Innovative program tries to keep kids off the streets
TORONTO- An innovative after school program is helping to keep vulnerable kids off the streets.
“We support students; we provide programming that enable and empower children to learn to be successful at school,” Catherine Parsonage, executive director and CEO of TFSS, said.
The program is designed for children in at-risk communities between the ages of 11 and 14.
“This program is impacting those tweens before they’re entering high school, they’re at the cusp where they are making a lot of choices; they’re making social choices, they’re making academic choices, and it’s encouraging them and it’s providing role models, and it’s building skills and most important it’s empowering them,” Parsonage said.
Beyond 3:30 is currently in 16 schools across Toronto. The program is completely free to ensure that all children are able to participate.
“North American research shows that the hours of between 3:30 and 6 p.m. is the prime time for this age group to get into trouble. Petty crimes, anti social behaviours, so if we can keep them occupied, productive, having fun, physically fit, and healthy, we go a long way to setting them up for a very successful future,” Parsonage said.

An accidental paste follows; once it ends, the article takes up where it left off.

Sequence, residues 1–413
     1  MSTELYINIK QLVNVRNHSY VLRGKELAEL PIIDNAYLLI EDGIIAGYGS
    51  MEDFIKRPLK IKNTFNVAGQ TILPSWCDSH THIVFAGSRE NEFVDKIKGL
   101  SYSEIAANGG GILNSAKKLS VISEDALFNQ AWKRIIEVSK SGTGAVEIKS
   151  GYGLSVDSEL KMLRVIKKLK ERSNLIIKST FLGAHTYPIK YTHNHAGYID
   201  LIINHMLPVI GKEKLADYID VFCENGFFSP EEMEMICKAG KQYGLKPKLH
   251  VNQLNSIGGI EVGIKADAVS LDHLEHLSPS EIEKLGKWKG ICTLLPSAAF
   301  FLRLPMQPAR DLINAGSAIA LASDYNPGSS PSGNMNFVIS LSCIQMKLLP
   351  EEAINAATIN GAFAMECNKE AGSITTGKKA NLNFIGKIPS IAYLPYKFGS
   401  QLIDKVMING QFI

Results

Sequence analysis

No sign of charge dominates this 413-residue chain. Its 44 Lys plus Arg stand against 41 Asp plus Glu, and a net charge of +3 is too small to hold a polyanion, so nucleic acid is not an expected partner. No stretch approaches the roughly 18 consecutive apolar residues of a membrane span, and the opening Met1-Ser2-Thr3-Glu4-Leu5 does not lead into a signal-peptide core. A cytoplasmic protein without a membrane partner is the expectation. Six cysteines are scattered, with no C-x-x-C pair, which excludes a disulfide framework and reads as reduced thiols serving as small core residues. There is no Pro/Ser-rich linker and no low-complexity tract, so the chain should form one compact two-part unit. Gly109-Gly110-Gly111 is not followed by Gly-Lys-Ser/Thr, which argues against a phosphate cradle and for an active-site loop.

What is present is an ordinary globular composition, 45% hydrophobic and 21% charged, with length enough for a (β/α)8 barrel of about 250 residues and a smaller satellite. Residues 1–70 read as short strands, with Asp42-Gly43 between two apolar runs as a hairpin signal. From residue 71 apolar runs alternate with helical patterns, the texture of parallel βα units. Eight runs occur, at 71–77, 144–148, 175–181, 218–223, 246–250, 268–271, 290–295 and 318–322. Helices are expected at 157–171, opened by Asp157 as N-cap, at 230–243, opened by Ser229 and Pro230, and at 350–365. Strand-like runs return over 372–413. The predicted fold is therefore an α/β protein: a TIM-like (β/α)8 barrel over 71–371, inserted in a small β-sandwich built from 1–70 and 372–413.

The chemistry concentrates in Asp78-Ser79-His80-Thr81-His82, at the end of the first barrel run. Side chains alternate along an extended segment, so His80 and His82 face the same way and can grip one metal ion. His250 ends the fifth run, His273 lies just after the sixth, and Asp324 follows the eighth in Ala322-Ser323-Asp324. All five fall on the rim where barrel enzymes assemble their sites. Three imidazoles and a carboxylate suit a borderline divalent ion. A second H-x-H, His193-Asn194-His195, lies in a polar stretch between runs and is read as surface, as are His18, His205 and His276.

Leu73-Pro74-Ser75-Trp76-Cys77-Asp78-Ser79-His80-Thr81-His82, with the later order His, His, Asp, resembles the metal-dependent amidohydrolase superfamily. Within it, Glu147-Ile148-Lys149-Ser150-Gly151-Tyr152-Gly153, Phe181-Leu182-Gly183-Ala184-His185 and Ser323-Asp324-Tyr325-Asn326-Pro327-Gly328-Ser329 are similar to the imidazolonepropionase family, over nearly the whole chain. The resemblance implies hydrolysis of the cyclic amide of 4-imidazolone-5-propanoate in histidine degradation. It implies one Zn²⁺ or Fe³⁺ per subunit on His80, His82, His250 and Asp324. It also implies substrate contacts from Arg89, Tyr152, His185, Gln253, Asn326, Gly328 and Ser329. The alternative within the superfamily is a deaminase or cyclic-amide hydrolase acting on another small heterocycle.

Once the school day ends the children get 20 minutes of physical activity either in the gymnasium or outside, then they spend 40 minutes on homework with the help of teacher graduates. After homework some of them go to the junior chef program where they learn how to cook healthy meals and the others go back to the gymnasium for more physical activity. Afterwards they all gather together to eat a meal prepared by the junior chefs and partake in other activities.
“A lot of times for our families, they need a place for their kids to be after school cause parents can’t be here at 3:30 to pick up their children, so they look for something that’s just going to occupy their time but when you take a look at a program like this it’s not just occupying their time they’re learning,” Dan Puglielli, the Principal of Joseph Brant Public School said.
The Hadden Family Foundation is the main financial contributor to the beyond 3:30 program and president and founder Glenn Hadden visited Joseph Brant Public School to meet the kids and see how the program is working. Hadden was raised in east Scarborough and believes that who he is today has a lot to do with growing up in that community which is why he donates money to this program.
“Well the most important thing for me is trying to close what we call the opportunity gap, and unfortunately in places like east Scarborough, gangs and other negative influences are a sad prevalence in this community so we’re focussed on trying to close that opportunity gap via what we deemed to be the two most important factors which are education and nutrition,” said Hadden.
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